Written by Karen Gellender Friday, 20 May 2011 00:00
Firefighters do periodically save lives as a part of their job, but in this case, a firefighter just happened to be passing by at the right time.
On Friday evening, April 29, John Melecio of the Jericho Fire Department, Guardian Engine Co. 2, came across a car stopped in the middle of the northbound lanes on Route 107, in front of St. Paul’s Church. He stopped to see what was going on, and found two people in the car- a male driver and a female passenger. The driver, a Huntington resident, was slumped over, unconscious. The passenger indicated to Melecio that the driver had just had a heart attack.
Melecio checked the victim, and determined that he was in cardiac arrest. An officer from Old Brookville Police Department soon arrived and was able to assist Meleccio in performing cardio-pulmonary resuscitation (CPR). Melecio alerted the dispatcher of what was happening, and an ambulance was immediately dispatched.
Lt. and EMT-CC Julie Bracco of Rescue Co. 4, who lives right near the scene of the accident, reported to the scene immediately, where she assumed airway control and intubated the patient. Ambulance 947, consisting of Ex-Captain/EMT Robert Wener as the chauffeur, EMT-CC Sandee Sammartano of Rescue Co. 4, firefighter-paramedic John Scala of Guardian Engine Co. 2 and firefighter/EMT-CC Anand Kumar of Trident Engine Co. 3 arrived shortly as well.
The crew of the ambulance removed the victim from the car, brought him to the ambulance and began advanced life support procedures, with the assistance of a Nassau County Police Department Ambulance Bureau medical technician onboard. Several attempts to shock the victim with the use of a defibrillator restored an active pulse to the patient and he was transported to Syosset Hospital. The patient is currently recovering.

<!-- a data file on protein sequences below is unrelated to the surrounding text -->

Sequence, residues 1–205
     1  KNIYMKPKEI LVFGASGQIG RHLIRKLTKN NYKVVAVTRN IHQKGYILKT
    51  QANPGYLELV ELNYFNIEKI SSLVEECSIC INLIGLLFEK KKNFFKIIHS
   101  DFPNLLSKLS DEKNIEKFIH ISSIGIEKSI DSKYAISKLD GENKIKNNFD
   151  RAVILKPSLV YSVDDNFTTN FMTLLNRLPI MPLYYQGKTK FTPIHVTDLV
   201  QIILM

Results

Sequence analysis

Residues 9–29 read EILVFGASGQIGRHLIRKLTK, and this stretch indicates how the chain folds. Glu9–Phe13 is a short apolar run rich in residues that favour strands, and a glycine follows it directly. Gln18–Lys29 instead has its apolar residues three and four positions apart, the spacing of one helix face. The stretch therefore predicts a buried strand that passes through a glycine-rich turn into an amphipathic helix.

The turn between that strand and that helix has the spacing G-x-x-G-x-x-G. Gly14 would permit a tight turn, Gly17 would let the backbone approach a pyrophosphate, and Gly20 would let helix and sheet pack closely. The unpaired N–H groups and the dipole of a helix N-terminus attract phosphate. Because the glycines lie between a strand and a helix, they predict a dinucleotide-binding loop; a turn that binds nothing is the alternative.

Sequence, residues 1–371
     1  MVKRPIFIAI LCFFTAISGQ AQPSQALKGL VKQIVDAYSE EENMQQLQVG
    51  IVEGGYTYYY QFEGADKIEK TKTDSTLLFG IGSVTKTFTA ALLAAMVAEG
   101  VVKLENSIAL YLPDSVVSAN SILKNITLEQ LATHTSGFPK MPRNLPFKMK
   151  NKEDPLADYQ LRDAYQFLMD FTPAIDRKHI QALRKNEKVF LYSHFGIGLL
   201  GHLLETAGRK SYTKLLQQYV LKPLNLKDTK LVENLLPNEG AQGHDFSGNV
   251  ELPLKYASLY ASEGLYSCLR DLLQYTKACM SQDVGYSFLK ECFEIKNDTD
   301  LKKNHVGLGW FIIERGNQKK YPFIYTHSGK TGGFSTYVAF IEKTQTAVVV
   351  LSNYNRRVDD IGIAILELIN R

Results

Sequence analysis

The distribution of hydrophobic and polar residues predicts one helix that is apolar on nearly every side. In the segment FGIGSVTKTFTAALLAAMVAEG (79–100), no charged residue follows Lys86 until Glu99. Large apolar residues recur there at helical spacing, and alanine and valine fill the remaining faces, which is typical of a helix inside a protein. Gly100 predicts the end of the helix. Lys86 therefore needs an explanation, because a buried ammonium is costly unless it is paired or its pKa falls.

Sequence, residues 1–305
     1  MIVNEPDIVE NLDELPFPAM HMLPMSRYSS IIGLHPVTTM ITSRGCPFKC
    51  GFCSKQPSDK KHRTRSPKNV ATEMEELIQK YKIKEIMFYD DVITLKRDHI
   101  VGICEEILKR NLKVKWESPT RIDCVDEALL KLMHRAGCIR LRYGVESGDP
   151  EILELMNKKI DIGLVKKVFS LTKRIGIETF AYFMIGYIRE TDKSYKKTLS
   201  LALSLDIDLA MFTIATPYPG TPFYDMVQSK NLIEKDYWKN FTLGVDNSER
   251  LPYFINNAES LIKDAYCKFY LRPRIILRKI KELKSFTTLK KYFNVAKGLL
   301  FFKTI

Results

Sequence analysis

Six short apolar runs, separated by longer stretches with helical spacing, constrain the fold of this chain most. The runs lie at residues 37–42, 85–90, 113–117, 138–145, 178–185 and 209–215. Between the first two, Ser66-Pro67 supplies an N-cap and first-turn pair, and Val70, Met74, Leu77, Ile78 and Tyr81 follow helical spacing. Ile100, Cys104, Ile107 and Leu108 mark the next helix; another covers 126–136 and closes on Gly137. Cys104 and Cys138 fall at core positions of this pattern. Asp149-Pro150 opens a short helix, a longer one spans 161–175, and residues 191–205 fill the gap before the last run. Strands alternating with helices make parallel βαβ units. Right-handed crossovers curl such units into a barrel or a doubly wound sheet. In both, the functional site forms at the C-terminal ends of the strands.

Bracco, who also works for North Shore Hospital, said that out of all the cardiac arrest cases that occur in Nassau County, only approximately five percent are saved; most patients die at the scene or in the hospital. However, she noted, Melecio- with no medical training other than his knowledge of CPR- was able to save a life. If Melecio had not begun CPR immediately, restoring oxygen to the brain and heart, it is unlikely that the patient would have survived.
Bracco said this just goes to show how valuable it is to know CPR. “Everyone should be aware of [how to do] CPR, because there may come a time when they can save another person,” she said.
Each member of the team involved in the life-saving effort was recently awarded a citation by fire department chief David Ginzburg at the annual department installation dinner.
“I am very proud of the job all our volunteers do for our community on a daily basis; however, when their actions directly lead to someone being brought back from certain death, allowing them to return home and enjoy life again with their family and friends, that is something special,” said Ginzburg.